Outcomes and Impacts of Family and Cons umer Sciences (FCS) Programs Page 2 May 2002comments revealed that two design elements creating a safe learning atmosphere and reducing parents isolation--were critical. These design elements were the learning atmosphere and reduced isolation. With this foundation for skills transfer, the program had significant success with: Skills acquisition and skills transfer In participant response data, the skillsstrengthened through role playing-were the most remarked upon aspect of the program, with 31% of all responses indicating that new-found skills were an important gain. Self control While all the skills are important, the skill the participants commented on most often was self control. Among other things, this is the skill that helps parents change their behavior. Being able to think while under stress makes it possible to remember to apply their new skills. Listening, Understanding and Empowerment Parents commented on the value of learning to notice their own behaviors and reactions, learning to pay attention to what they say to their children, taking a positive approach, and feeling more confident because of the program. Learning to listen and understand both themselves and their children indicates that the participant understood the philosophy of the program. Comments about learning to listen and understand were a significant response (24% of 123 responses) to the question: How have the classes helped you parent your children? Dialogue was replacing anger in their relationships with their children. Building Strong Families Evaluation StudyDescription: One hundred thirty-five parents of young children who were participating in the Building Strong Families parenting program in three Michigan cities during the winter and spring of 1995 were invited to participate in the study. The 87 parents who agreed to participate were similar in gender, income, ethnicity, household composition and number of children as those parents who did not choose to participate in the study. Fifty parents completed the study. They were similar in all demographic characteristics. Participants in the study were primarily women in their mid-twenties, living in single-parent households (72%) in urban areas. The educational level of the participants ranged from 6 years to 15 years. Half of the sample did not have a high school diploma and 74 percent earned less than $800 a month. The mean number of children in the home was two children, and the mean age of the child used for the assessment was 19 months. The range of the children's ages in for the study was 1 month to 36 months. The research questions for the study were: Do parents' expectations of children change as a result of the program? Do parenting behaviors change to become more consistent/appropriate for the age/stage of the child? Are there changes in the physical environment of the child over the course of the program? Are there changes in parent/child interaction as a consequence of the program? Does the social support network change as a result of the program? For more on the methodology, please see the complete study, available online. Authors: Dawn Contreras, MSU Extension Family Strengths/Home Economics, et al. Year Published: 1996 Findings: As a result of the Building Strong Families program parents were more likely to respond to children in ways that are appropriate for the developmental stage of their child, provide a more positive, safe environment for the child and facilitate changes in their personal development. Here are some of the changes documented, with details available in the complete study online.Changes in the parents' behavior in responding to children in ways that are appropriate to the developmental stage of the child:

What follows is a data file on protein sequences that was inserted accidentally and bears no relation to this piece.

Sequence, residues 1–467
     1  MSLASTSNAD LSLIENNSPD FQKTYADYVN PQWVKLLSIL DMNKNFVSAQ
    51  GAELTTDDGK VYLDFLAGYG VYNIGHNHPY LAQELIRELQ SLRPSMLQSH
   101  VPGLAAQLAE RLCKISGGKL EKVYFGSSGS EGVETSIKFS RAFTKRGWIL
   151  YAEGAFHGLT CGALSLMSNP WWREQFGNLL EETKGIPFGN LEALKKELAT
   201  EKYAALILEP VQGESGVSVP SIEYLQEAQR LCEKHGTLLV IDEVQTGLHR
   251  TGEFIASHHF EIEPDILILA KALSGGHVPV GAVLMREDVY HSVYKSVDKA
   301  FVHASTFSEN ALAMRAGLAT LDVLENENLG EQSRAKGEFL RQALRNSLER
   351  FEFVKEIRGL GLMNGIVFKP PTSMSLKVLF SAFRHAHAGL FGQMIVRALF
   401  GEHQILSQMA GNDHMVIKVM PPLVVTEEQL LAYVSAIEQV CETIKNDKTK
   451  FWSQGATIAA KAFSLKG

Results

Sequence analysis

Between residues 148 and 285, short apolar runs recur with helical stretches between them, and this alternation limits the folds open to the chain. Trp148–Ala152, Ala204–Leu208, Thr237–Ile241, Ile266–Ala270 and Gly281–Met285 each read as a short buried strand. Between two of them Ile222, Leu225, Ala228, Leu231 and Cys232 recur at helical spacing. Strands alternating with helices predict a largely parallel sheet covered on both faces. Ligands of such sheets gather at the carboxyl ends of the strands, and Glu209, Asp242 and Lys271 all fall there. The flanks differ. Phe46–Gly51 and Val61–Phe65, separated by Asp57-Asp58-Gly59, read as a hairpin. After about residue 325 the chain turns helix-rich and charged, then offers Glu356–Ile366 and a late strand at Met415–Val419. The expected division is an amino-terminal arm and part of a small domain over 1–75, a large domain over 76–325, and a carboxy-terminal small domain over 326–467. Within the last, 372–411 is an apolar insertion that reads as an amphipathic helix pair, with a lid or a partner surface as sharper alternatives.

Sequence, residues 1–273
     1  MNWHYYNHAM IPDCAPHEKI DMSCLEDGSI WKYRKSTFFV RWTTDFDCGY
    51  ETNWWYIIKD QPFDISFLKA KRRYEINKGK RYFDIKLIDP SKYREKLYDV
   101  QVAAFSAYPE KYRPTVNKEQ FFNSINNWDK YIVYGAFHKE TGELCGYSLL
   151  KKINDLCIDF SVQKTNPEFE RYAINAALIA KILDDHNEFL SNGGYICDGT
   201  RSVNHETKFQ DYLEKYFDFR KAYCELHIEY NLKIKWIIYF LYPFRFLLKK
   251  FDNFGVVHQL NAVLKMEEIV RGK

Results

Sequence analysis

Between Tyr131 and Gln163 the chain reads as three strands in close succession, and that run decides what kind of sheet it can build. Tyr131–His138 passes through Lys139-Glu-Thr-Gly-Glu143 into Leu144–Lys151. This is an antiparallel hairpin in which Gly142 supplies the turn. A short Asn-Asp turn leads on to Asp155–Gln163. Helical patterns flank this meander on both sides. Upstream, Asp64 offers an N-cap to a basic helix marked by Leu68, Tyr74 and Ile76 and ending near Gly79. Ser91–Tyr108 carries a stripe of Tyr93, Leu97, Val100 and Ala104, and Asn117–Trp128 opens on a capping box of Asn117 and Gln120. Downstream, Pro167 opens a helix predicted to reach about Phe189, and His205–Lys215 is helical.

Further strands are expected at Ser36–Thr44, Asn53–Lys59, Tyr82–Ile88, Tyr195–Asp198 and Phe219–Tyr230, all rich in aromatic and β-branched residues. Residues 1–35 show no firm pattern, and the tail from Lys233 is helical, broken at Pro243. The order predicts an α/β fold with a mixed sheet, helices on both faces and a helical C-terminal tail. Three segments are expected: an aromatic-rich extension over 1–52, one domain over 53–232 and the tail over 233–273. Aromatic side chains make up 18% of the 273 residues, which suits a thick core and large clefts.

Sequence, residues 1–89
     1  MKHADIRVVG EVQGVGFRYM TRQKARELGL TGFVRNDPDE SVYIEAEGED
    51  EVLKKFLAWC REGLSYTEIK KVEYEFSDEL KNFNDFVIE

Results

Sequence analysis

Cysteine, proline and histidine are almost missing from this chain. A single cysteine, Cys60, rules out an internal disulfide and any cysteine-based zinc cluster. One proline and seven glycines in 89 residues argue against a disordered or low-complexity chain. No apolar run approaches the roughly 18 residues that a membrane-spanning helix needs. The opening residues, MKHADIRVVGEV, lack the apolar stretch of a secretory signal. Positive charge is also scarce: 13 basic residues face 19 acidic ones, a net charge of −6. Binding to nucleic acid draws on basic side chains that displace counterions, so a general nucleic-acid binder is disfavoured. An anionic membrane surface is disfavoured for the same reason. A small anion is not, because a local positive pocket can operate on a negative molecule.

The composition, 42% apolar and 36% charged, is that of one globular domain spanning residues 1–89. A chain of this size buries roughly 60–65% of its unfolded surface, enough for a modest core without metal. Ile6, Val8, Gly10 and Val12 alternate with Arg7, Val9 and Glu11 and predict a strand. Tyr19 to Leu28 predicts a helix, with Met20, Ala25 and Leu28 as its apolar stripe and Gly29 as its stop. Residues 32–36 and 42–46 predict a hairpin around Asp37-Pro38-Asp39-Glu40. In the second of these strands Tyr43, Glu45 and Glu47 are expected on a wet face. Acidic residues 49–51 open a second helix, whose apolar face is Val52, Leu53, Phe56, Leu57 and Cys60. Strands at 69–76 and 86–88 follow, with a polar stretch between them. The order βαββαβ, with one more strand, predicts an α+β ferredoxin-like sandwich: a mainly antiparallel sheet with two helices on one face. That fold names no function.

Outcomes and Impacts of Family and Cons umer Sciences (FCS) Programs Page 3 May 2002Changes made by the parents' to create positive and safe environments for children, ages 0-3 years.Changes in the parents' support systems that may lead to increased personal development.Communities & Schools Working Together Making After School CountDescription: This impact assessment was conducted in Philadelphia and documents the experience involving a my riad of partnerships between and among the districts 215,000 students, 13,000 teachers and administrators, thousands of parents, and hundreds of community businesses and organizations. Learning in this Philadelphia example has blossomed into a vibrant, colorful, multidimensional experience involving a myriad of partnerships between and among teachers and administrators, thousands of parents, and hundreds of community business and organizations. Author: Yost, A. Year Published: 1999 Findings: Ten principles for success were identified as a result of analyzing the results of this community-based school reform effort. 1.1.Set high expectations for everyone. 2.Design accurate performance indicators to hold everyone accountable for results. 3.Shrink the centralized bureaucracy and let schools make more decisions. 4.Provide intensive and sustained professional development to all staff. 5.Make sure all students are ready for school. 6.Provide students with the community supports and services they need to succeed in school. 7.Provide up-to-date technology and instructional materials. 8.Engage public in shaping, understanding, supporting and participating in school reform 9.Ensure adequate resources and use them effectively. 10.Be prepared to address all of these priorities together and for the long term. Dont Run with the Scissors: Young Childrens Knowledge of Home Safety RulesDescription: The study examined 4to 6-year-old childrens memory of their parents home safety rules and to identify predictors of childrens home injuries. In an interview, parents listed their specific home safety rules and rated their childs compliance with each rule. They also explained why they did not have certain rules. The parents described maternal supervision and the frequency of their childs injuries. Authors: Morrongiello, B.A., Midgett, C., and Shields, R. Year Published: 2001 Findings: Children spontaneously recalled 50% of their parents home safety rules. Prompting leads to their remembering 40% more of the rules. However knowledge of these rules did not reduce injuries. The best predictors of childrens home injuries were the childrens compliance with the home safety rules and the extent of parental supervision. In order to reduce injuries interventions must go beyond safety knowledge to maintain consistent compliance and supervision.The Effects of Service-Learning on Middle School Students Social Responsibility and Academic SuccessDescription: This study joins many others in reporting positive effects of service-learning, suggesting that youth, even junior high youth,